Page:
TThe Army, Navy and Marine Corps are not adequately monitoring access to their bases years after the deadly mass shootings at facilities in Fort Hood, Texas and Washington, D.C., says a federal guard dog.
The government responsibility office he found that only the Air Force and the Defense Logistics Agency track the use of physical access control systems, which are designed to examine those who wish to enter the bases looking for government databases. The office found that there is no clear Pentagon directive on the matter.
"The Air Force and the DLA have monitored the use of PACS in their facilities, but the Army, Navy and Marine Corps have not done so. Army, Navy and Marine Corps installation officials stated that no they monitor the use of PACS in their facilities because there is no requirement to do so, "said the report.
The army has suffered two high-profile shootings on bases in the last decade. Former Army major and psychiatrist, Nidal Hasan, killed 13 people and wounded 42 when he went to shoot in Fort Hood, Texas, in November 2009. He is sentenced to death at the United States Disciplinary Barracks in Fort Leavenworth, Kansas.
Four years later, Navy contractor Aaron Alexis shot and killed 12 people and wounded four in the Navy Yard in Washington, DC, before police killed him.
They are the two deadliest mass shootings that take place at US military bases. UU.
The security forces at the base use physical access control systems to scan the credentials of a member of the Department of Defense. That scan is connected to a central system that determines "access fitness" based on criminal records and information about whether the individual is a "known or suspected terrorist" extracted from government databases. The central system "continuously examines this ability for subsequent visits."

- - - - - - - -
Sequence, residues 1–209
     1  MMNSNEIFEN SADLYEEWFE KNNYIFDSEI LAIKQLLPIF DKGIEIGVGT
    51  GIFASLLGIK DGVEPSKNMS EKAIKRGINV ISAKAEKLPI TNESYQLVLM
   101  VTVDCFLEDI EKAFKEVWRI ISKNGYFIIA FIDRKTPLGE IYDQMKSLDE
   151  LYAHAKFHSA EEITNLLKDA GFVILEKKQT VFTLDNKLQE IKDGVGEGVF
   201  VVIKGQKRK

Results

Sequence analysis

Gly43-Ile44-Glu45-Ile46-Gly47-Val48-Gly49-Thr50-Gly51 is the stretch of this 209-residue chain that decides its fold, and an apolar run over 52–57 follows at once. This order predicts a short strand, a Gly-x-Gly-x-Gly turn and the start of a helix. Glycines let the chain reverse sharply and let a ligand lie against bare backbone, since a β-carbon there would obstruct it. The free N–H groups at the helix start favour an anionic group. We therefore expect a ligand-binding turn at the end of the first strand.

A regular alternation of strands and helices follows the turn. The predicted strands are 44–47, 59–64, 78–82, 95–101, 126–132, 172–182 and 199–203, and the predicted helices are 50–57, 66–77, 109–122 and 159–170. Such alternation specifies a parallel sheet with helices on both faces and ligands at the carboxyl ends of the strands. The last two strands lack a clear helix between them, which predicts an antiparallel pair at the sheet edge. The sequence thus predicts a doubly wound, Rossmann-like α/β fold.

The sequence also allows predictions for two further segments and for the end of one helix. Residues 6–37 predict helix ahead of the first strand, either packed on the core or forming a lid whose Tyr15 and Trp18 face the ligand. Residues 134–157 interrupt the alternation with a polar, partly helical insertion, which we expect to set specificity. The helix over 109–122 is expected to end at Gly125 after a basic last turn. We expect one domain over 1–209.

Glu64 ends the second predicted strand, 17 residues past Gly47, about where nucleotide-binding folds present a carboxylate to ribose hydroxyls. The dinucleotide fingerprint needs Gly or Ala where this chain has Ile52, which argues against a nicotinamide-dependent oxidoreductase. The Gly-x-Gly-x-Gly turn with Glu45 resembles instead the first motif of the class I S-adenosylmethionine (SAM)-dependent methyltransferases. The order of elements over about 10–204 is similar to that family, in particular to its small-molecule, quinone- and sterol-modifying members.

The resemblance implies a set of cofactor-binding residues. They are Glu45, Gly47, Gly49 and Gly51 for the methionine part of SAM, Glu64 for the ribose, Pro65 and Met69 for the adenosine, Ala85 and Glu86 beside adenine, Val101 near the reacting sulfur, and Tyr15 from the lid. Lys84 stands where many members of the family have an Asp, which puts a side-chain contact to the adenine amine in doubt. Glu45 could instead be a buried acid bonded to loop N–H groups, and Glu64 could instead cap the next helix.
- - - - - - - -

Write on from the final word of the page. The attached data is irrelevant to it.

The system "has identified more than 42,000 instances of individuals who were granted access to a DOD facility and subsequently issued a felony order," the report said.
The failure of most services to monitor the use of the access system is problematic because it prevents the Pentagon from assessing the effectiveness of the system and "making informed risk-based decisions to safeguard personnel and mission-critical installation assets and high value".
The GAO report found that the Army, Navy and Marine Corps "do not know to what extent PACS are used in more than 100 facilities."
In addition to the problem are the Pentagon's registered problems with the central system, which has suffered frozen screens and defective equipment.
The GAO report recommended the Pentagon's mandate that all services oversee their use of the systems and develop a plan to address any technical problem. The Pentagon has agreed to implement the recommendations.